Photographer: Ellen von Unwerth
Stylist: Patrick Mackie
The lobby action at the Hotel Martinez during the Cannes Film Festival is nonstop: The fabulous, the talented, the wealthy, and the ridiculous all waltz through the majestic Art Deco space in search of their limo drivers or a drink or, simply, attention. At night, the scene intensifies, resembling an Old Hollywood movie about café society—nearly every frock is spectacular, and the men are all dressed in tuxedos. Because of the high glamour quotient, a kind of nonchalance sets in. The lobby audience quickly becomes inured to the sea of style and fame.
Which is why, at the 2012 festival, the frenzy surrounding a certain appearance in the Martinez made such an impression on me. I was a little bored by the usual parade, when I overheard someone saying in a feverish voice, “Fan Bingbing is coming!” I had no idea who Fan Bingbing was, but urgency is contagious, and I followed the herd of fans with their cellphone cameras to the foot of the stairs (paparazzi are not allowed in the lobby of the Martinez). The excitement over the arrival of Fan Bingbing (whoever she was) was palpable. Finally, a tall Chinese woman appeared. She was wearing a heavily embroidered pale-pink Elie Saab gown with a sweeping train, which cascaded behind her as she walked slowly down the steps, and a matching shimmering cape. Her black hair was pulled into a sleek doughnut-shaped chignon on top of her head. She looked like a cross between a bride, an empress, and a living doll. The total effect was overwhelming.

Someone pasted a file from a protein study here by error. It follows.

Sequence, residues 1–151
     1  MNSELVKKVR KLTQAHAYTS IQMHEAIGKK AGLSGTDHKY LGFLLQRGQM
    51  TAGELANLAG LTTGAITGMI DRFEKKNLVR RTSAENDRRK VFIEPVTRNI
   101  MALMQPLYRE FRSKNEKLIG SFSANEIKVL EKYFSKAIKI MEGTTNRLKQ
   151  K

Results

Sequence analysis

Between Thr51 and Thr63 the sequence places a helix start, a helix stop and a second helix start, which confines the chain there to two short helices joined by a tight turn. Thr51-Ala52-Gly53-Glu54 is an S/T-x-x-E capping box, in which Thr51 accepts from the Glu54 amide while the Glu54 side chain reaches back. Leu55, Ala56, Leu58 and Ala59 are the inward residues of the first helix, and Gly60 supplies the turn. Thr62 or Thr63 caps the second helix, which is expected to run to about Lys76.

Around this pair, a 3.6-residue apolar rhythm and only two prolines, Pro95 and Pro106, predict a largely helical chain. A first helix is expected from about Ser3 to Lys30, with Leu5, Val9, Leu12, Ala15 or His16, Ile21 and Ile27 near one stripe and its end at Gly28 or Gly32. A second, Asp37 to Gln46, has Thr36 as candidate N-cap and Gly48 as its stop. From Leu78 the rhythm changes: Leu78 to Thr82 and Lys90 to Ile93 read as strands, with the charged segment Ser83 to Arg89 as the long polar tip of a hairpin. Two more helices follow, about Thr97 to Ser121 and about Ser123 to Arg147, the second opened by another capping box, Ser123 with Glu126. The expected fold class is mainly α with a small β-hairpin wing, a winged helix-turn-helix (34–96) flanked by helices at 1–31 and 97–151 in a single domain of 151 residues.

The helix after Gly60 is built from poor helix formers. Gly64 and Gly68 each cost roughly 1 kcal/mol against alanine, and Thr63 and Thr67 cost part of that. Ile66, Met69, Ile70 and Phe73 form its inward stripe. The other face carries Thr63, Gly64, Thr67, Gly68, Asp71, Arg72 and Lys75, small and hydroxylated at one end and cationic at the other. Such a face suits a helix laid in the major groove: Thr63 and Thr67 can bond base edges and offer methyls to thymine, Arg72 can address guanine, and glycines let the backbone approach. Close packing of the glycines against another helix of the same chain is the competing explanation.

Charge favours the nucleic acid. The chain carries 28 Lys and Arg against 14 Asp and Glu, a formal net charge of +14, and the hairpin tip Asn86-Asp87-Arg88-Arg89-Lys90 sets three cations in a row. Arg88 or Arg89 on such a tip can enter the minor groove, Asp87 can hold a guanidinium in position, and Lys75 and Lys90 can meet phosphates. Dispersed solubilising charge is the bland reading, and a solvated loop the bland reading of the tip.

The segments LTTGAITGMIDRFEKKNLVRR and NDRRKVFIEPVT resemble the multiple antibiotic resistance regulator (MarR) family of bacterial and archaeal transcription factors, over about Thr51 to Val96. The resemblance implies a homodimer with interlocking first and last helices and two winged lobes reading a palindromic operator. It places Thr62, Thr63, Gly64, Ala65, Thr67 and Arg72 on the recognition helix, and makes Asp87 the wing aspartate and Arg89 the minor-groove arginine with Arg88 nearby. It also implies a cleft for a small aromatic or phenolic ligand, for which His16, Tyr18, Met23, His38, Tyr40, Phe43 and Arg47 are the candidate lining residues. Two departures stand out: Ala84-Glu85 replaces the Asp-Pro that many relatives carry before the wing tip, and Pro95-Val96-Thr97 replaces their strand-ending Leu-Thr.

I asked one of the awestruck fans who she was. “Fan Bingbing is the biggest star in China,” came the reply. “Only Americans don’t know her name.” For the rest of the festival, I became obsessed by Fan’s (Bingbing is her given name) appearances. As a face of L’Oréal Paris and the star of dozens of Chinese films, Fan, 32, was everywhere: She seemed to change ensembles at least six times a day, gathering an enthralled throng at each of her exits. Whether she wore a pastel floral Valentino with a bow at the waist or a strapless gown designed by Christopher Bu that was inspired by a Qing-dynasty vase, Fan was an endless source of fashion fascination.